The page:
Questioning the evangelical answer machine

6 thoughts on “Questioning the evangelical answer machine”

  1. I suppose it’s all in what you mean by “nurture the conversation”. This reminds me of an RHE post where she essentially argued that maybe God had intentionally made the Bible confusing so that we’d stay up late with friends arguing about it and thus grow in relationships – because that’s what is REALLY important, growing in relationships. And furthermore maybe a lot of these questions we fight about don’t even have answers we can figure out. And I remember some commenter said “yes, but don’t forget, the only reason we argue all night long about what the right answer to a question is, is because WE BELIEVE THE QUESTION HAS A RIGHT ANSWER!” I wanted to hug that anonymous soul.

    Obviously this post reminds me of that post – actually, answers that end conversations, because all involved agree they are the right answer, can be a great thing. Fake answers designed to shut people up or placate them are stupid – but let’s not confuse the two. Of course a right answer doesn’t have to mean you stop talking. There are certainly people out there who want an answer because they are afraid of the unknown. There are also plenty of people who *don’t* want an answer because they might find they don’t like it. Seeking God is fashionable – finding Him can get you in a lot of trouble.

    I have to say too that one of the great benefits of certain answers is confidence – this is why some of us love creeds and confessions. What is your only hope in life and in death? The answer is not “I’m not really sure, let’s talk about it” – that question has an answer. And it’s beautiful.


    1. I would argue that growing in relationships IS really important. And that the process of wrestling with the questions can be every bit as important/meaningful as the answers we come up with. Such high regard for the process of questioning/wrestling is embedded in the Jewish faith tradition. What I’m suggesting is that it should be highly valued by our tradition as well.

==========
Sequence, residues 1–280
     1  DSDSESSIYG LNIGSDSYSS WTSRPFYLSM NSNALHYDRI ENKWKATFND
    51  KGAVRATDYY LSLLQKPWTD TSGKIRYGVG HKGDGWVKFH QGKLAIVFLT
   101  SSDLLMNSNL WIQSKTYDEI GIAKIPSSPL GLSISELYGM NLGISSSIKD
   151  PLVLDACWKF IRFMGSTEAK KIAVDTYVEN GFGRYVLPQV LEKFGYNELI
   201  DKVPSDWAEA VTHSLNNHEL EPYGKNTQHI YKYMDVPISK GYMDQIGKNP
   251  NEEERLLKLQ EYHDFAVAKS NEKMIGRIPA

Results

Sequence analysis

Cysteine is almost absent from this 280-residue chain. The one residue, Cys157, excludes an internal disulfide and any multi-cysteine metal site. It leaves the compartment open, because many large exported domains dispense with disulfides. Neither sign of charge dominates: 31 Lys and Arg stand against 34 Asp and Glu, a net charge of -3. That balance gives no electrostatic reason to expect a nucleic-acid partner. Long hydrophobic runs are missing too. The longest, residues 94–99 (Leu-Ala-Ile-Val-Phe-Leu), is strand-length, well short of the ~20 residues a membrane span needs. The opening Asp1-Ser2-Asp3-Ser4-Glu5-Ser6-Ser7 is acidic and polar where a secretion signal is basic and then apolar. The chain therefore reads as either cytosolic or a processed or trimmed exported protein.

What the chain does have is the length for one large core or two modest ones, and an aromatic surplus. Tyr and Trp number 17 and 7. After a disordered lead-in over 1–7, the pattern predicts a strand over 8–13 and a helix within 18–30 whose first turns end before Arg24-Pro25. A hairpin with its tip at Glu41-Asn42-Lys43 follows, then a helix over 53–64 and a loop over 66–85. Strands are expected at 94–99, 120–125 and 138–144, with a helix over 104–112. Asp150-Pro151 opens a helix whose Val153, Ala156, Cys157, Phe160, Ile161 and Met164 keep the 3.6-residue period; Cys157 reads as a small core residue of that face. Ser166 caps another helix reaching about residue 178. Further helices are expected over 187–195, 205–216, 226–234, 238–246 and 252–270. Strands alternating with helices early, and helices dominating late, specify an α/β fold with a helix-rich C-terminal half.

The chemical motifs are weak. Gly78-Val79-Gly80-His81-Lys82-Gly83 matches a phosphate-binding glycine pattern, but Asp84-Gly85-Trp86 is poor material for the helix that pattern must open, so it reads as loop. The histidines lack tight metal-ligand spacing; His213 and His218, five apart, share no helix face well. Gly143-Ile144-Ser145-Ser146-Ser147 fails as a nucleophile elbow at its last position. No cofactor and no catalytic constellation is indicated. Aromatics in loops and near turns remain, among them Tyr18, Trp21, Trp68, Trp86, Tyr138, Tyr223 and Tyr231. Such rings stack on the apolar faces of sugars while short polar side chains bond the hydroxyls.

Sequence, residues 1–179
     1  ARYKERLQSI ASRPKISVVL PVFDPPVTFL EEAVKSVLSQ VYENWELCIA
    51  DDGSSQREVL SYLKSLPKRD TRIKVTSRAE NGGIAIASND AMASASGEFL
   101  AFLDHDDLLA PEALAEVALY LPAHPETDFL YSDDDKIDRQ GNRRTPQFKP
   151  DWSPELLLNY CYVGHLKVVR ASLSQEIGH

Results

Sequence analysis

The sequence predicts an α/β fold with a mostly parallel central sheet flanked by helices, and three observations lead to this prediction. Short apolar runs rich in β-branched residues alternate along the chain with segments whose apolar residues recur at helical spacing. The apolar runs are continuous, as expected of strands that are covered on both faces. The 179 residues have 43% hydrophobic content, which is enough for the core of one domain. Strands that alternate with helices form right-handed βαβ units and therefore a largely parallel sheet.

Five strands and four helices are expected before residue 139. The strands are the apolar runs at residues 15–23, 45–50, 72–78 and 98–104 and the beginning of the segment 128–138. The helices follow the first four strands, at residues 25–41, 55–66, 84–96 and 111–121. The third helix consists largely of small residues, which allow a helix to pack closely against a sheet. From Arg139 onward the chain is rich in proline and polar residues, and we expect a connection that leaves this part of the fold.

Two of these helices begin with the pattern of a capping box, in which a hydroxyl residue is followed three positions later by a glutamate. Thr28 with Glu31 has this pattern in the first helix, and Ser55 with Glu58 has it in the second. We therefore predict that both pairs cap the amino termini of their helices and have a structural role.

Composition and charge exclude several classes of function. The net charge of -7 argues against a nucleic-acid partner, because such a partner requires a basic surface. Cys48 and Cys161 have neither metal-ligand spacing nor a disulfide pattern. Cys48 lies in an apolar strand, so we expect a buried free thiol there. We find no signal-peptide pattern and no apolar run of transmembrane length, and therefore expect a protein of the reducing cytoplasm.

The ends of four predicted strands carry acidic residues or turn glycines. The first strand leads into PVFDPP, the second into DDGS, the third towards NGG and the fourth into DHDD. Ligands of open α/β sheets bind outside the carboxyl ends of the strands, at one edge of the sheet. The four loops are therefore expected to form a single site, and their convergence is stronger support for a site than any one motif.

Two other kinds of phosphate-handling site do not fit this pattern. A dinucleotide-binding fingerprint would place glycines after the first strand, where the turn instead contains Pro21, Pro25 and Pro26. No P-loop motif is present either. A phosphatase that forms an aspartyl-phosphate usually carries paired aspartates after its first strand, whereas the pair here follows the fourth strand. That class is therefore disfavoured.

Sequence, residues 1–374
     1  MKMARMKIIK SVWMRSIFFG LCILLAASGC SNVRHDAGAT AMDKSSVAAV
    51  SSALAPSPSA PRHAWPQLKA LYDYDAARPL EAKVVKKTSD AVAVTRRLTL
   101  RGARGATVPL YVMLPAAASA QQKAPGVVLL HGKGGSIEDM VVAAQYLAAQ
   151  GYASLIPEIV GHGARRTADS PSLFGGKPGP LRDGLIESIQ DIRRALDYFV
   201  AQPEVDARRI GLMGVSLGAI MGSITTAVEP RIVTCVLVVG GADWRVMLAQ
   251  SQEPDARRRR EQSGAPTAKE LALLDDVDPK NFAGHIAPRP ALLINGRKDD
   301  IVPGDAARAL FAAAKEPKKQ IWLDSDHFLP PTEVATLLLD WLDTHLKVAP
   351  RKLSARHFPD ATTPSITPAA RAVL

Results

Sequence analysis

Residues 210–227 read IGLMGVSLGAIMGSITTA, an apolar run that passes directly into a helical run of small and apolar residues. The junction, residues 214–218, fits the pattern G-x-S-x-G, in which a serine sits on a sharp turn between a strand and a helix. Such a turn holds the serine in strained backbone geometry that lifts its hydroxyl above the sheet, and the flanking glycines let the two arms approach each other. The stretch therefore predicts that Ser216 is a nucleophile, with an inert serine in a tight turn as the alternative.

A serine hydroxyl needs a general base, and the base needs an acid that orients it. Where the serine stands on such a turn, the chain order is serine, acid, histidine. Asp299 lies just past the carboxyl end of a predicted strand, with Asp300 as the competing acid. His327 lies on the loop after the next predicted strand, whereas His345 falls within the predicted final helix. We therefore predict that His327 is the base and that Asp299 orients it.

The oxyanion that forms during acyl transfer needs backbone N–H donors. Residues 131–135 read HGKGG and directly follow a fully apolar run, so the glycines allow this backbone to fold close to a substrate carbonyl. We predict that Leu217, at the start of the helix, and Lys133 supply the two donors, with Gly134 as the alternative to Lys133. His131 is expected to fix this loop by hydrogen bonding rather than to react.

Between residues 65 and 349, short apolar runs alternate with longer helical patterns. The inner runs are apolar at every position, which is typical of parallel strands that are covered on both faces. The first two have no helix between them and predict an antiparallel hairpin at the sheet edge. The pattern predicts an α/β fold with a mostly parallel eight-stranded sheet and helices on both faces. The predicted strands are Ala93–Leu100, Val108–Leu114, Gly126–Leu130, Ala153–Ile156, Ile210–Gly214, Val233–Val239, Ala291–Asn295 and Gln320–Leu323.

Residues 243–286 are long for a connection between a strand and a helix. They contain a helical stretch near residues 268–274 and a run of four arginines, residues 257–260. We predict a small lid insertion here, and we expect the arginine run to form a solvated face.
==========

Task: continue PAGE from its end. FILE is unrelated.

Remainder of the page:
That said, my point was not to suggest that there are no answers whatsoever. We could say there are (at least) three types of questions: (1) those with relatively straightforward answers, (2) those we’re pretty confident we know the answers to but should hold with humility, and (3) those we should accept as having no easy answers. I’m not denying the existence of 1 and 2; I’m suggesting there’s a lot more of 3 (including in the Bible itself) that we might realize. (Side note: This is part of what led me away from Calvinism; there are certain assumptions about sovereignty, predestination, etc. that I’d be more inclined to put in categories 2 or 3, but which some Calvinists seem to regard as a 1.)

      For what it’s worth, I share your love of creeds and confessions. Perhaps not all of them equally, and we may not like all the same ones as each other. But I’m about as far from being anti-credal as you can get. I use the Nicene and Apostles’ creeds regularly, both in individual and corporate worship…because, like you said, I believe they provide a beautiful summation of the hope we have.


  2. Thank-you for this post. I’ve always had plenty of questions and not answers that I found satisfactory to whatever need I had. I am now much more comfortable with not-knowing and with mystery. I think being more open to mystery and not having all the answers was a huge help for me in living life more fully.


    1. I know I’ve found this kind of openness helpful in my own life. (Especially since I have a tendency to be something of a know-it-all!) I’m glad to hear embracing mystery has been a great help to you.


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